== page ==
In this video lecture, IEEE Fellow Raja Chatila shares his views on why roboticists are duty-bound to educate the wider public on the state of advanced robotics, and also to understand the consequences of their own research and the potential commercialisation of it.
A major new sci-fi movie, Automata, promises to not only provide a feast for the eyes (see below for a clip from the film), but an overdue opportunity to spotlight some of the ethical dilemmas arising from autonomous systems.
Human-robot interaction is a fascinating field of research in robotics. It also happens to be the field that is closely related to many of the ethical concerns raised with regards to interactive robots. Should human-robot interaction (HRI) practitioners keep in mind things such as human dignity, psychological harm, and privacy? What about how robot design relates to racism and sexism?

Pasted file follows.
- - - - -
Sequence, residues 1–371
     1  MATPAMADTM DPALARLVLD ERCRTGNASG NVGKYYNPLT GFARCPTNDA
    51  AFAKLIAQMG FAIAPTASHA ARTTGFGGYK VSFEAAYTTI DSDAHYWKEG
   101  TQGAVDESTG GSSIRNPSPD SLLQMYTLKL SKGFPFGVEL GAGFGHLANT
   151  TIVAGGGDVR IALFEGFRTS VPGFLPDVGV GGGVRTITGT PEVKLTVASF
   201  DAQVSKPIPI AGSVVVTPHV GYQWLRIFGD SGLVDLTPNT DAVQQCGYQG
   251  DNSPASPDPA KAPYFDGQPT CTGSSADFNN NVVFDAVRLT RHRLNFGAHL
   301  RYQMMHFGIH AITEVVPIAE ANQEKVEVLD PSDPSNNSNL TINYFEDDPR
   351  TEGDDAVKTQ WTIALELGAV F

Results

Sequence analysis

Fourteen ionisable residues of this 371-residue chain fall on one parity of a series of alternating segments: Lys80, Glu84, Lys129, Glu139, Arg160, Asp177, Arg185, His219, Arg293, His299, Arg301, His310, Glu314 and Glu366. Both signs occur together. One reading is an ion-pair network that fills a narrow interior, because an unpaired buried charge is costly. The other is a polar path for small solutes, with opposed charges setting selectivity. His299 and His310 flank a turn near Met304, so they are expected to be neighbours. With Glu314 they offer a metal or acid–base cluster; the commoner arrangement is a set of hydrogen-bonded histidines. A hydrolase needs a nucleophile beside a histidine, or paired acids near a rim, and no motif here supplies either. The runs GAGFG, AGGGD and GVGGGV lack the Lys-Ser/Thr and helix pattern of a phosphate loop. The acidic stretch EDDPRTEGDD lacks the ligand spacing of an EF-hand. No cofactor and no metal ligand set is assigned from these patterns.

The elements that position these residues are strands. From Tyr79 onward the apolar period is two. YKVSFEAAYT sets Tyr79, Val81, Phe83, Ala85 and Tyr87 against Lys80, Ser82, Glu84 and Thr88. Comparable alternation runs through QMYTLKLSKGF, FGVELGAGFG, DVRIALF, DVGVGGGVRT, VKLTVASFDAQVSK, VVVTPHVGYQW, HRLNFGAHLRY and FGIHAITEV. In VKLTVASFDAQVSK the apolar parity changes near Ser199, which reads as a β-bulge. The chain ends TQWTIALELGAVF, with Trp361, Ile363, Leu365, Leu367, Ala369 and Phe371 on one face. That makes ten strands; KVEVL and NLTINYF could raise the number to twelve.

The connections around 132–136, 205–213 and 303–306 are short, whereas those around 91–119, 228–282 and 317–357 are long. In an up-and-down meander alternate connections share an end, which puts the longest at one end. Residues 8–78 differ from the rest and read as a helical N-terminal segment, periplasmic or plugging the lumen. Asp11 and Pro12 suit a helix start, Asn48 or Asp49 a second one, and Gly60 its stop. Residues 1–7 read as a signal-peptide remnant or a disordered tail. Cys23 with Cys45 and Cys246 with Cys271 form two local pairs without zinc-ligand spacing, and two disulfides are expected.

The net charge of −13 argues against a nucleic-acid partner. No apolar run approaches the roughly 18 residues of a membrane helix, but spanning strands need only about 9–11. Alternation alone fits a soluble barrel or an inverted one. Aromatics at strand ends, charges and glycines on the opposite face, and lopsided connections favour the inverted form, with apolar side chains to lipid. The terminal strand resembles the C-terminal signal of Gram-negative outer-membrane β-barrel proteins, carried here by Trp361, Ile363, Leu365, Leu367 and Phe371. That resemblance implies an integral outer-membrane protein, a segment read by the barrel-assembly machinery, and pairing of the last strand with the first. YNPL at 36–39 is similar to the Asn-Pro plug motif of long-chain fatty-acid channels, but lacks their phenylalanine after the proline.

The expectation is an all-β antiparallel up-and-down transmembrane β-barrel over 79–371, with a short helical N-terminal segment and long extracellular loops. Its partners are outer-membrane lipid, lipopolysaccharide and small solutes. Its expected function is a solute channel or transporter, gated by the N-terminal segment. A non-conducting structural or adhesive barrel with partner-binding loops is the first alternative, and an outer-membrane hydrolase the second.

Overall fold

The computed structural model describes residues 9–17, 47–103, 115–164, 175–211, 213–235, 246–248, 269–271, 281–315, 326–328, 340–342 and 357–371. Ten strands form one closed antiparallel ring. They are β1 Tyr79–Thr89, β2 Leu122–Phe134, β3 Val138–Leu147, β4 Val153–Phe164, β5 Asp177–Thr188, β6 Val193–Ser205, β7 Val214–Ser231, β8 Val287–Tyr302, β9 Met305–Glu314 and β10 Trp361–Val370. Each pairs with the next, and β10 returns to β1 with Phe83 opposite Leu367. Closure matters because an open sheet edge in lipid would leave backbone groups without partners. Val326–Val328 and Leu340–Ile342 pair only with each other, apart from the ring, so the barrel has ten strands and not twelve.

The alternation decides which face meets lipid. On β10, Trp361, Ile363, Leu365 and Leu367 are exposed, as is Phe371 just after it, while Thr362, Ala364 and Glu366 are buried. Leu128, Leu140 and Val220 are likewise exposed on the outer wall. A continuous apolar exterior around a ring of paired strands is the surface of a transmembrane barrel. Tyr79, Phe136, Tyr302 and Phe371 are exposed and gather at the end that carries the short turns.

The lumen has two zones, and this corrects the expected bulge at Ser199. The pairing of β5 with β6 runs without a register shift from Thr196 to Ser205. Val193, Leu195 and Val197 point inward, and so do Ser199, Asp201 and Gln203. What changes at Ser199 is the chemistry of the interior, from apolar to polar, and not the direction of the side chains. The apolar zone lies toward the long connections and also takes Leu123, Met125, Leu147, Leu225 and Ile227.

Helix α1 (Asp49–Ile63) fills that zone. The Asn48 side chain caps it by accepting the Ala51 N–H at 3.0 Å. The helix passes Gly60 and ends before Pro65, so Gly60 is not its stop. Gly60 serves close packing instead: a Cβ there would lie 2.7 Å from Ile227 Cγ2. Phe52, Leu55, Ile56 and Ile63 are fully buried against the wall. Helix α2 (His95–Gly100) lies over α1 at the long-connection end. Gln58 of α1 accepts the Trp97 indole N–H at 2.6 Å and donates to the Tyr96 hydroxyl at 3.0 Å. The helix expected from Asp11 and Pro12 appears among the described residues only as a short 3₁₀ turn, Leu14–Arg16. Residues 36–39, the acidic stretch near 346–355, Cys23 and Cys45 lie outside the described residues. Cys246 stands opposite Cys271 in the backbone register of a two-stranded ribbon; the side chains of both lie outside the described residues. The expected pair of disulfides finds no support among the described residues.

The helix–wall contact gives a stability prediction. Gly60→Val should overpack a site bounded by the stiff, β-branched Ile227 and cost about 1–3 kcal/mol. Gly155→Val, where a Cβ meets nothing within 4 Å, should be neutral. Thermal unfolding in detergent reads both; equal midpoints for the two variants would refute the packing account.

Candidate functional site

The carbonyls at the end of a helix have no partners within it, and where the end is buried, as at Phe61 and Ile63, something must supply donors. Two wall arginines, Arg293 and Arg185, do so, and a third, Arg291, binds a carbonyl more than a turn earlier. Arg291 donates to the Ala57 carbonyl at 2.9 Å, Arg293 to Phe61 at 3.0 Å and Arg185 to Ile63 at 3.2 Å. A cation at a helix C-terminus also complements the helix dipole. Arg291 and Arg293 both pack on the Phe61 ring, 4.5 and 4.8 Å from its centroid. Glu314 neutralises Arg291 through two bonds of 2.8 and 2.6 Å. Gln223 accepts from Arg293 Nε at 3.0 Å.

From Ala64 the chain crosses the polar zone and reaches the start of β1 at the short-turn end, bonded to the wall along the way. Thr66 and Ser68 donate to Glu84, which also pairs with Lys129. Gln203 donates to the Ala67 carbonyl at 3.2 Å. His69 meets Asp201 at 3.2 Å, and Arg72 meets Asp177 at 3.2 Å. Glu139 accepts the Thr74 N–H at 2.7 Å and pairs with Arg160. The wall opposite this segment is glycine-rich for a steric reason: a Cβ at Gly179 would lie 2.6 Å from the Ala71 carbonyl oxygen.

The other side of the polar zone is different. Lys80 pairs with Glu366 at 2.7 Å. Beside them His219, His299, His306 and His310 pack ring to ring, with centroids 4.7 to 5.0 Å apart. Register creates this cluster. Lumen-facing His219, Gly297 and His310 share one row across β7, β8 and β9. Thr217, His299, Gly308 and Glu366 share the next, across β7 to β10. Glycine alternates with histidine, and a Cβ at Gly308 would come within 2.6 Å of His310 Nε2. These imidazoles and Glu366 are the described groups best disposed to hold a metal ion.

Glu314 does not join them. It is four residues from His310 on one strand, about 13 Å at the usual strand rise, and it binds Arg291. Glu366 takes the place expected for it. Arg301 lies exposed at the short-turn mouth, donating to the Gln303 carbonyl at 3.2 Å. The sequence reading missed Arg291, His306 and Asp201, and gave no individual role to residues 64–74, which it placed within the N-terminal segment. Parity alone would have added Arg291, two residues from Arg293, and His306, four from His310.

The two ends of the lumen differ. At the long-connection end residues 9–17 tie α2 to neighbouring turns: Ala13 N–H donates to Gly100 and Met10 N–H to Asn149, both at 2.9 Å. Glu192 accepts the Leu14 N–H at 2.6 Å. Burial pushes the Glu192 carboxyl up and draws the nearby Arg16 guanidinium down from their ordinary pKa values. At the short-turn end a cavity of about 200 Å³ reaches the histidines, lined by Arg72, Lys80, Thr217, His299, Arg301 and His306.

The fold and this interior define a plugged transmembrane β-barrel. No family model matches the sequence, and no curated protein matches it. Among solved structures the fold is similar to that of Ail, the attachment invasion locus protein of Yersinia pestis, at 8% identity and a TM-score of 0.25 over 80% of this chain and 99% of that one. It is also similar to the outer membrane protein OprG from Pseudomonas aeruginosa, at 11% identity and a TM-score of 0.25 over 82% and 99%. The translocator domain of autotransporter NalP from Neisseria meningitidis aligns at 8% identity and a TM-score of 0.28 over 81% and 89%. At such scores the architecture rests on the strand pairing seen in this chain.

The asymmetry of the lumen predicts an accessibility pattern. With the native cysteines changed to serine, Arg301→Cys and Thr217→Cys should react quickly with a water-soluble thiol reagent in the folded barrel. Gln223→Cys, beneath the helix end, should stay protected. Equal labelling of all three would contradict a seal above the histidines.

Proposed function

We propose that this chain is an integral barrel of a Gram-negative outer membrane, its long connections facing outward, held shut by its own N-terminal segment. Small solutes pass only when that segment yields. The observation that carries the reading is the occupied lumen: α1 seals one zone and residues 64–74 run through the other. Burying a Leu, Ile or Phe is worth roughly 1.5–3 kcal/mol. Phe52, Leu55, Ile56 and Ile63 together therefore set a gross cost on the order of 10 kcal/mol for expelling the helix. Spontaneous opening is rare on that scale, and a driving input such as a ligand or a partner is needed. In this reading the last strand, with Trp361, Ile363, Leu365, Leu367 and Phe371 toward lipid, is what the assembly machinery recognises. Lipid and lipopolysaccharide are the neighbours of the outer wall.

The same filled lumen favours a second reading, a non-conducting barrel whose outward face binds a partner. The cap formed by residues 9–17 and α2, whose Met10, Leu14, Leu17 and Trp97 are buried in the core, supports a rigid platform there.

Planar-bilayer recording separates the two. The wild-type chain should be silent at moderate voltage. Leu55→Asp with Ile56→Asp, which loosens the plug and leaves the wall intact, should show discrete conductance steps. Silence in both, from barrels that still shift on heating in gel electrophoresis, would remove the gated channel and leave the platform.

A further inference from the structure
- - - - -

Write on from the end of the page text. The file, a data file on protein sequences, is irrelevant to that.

On the 23 and 24th of October researchers in cognitive systems will meet in Brighton to discuss the social and ethical implications of their work. The conference is organized by EUCognition, the European Network for the Advancement of Artificial Cognitive Systems, Interaction and Robotics, and the objective is to provide a forum to share the different perceptions about what the effects of our research will be – preferably before we face the consequences.We have included an online component of the conference so that we might include different voices in the discussion: #robotsandyou is a platform to post questions and comments on the social and ethical aspects of cognitive systems (people can also participate through Twitter using the hashtag #robotsandyou).